Risk of environmental pollution

In the context of environmental protection, the Egyptian legislature has enacted a specific law, namely Law No. 4 of 1994, as amended by Law No. 9 of 2009, which fines most environmental violations, although the range for these is only between EGP 1,000 and EGP 20,000, and thus has little deterrent effect for any larger company.

Implementation in Practice

Experience to date shows that some areas of labor law and related regulations are hardly applied or not applied at all. Violations are often not taken seriously, and workers rarely have the chance to assert their rights with state assistance. The fear of unemployment and branding is too great, and the leverage employers have is too long.

Being right is different from getting right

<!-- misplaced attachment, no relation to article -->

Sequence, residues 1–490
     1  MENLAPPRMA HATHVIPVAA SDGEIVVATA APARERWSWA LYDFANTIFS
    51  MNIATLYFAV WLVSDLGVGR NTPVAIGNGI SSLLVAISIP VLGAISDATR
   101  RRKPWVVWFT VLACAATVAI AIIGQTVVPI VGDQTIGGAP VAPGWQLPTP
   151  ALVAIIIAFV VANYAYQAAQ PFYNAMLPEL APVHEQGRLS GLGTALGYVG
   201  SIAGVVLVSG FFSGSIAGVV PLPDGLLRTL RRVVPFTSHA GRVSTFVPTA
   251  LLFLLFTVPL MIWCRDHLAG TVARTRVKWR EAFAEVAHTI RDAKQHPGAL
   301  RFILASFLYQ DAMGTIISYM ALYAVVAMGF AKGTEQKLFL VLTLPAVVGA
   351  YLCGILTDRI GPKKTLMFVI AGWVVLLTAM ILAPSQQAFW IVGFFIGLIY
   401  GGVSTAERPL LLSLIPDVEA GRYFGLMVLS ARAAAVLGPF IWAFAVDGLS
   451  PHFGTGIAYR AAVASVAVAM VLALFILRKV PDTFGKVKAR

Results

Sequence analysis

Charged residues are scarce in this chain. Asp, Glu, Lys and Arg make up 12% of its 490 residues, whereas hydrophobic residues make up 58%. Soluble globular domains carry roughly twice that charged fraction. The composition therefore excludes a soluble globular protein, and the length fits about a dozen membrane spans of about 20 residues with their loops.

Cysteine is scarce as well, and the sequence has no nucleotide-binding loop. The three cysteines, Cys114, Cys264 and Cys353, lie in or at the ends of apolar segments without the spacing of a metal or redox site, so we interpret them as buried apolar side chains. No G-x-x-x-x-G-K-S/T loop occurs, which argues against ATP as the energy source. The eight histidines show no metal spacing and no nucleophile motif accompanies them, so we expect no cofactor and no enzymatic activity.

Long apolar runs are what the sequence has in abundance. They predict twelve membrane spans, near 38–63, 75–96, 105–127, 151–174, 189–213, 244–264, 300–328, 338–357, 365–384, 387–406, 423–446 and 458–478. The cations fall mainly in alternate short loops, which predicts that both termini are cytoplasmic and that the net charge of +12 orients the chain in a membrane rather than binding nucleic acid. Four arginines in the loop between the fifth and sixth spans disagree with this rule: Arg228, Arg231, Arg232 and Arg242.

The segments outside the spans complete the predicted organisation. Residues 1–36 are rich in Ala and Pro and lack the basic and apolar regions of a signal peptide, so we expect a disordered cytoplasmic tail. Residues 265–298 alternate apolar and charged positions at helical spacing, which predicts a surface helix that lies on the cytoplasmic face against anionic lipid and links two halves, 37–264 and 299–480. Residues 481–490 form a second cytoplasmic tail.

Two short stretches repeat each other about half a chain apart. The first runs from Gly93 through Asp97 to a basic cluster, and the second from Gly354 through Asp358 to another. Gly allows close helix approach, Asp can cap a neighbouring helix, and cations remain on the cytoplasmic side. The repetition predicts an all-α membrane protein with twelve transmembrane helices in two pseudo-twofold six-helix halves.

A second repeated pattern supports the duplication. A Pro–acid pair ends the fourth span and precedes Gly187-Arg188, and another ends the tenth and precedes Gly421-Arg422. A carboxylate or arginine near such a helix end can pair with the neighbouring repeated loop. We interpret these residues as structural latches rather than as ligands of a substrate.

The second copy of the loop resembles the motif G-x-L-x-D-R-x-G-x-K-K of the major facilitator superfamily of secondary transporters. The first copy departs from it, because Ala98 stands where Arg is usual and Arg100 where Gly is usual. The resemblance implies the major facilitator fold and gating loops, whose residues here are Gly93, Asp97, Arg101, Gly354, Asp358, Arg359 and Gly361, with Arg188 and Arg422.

The Alexandria Shipyard case shows that it is made difficult for Egyptian workers to enforce the rights they are granted on paper. Concretely, a peaceful strike held in 2016 by workers of the Alexandria Shipyard – which has a contract with the French company Naval Group – led to proceedings in front of the Military court. Having asked for minimum wage, safety equipment and bonuses for work during the fasting month Ramadan, 26 workers got arrested on charges of protesting and refusing to work. The labor leaders considered this a "clear and explicit violation of Article 15 of the Egyptian Constitution, and Convention No. 87 of the International Labor Organization, which stipulates the right of workers to strike, and of the Egyptian Labor Law." In general, any protest by Egyptian workers has been nipped in the bud in recent years. This is facilitated by a series of laws aimed at silencing potential opponents. The Egyptian trade union world is characterised by the quasi-monopoly of the ETUF (Egyptian Trade Union Federation), a union directly controlled by the state and founded by Nasser in 1957.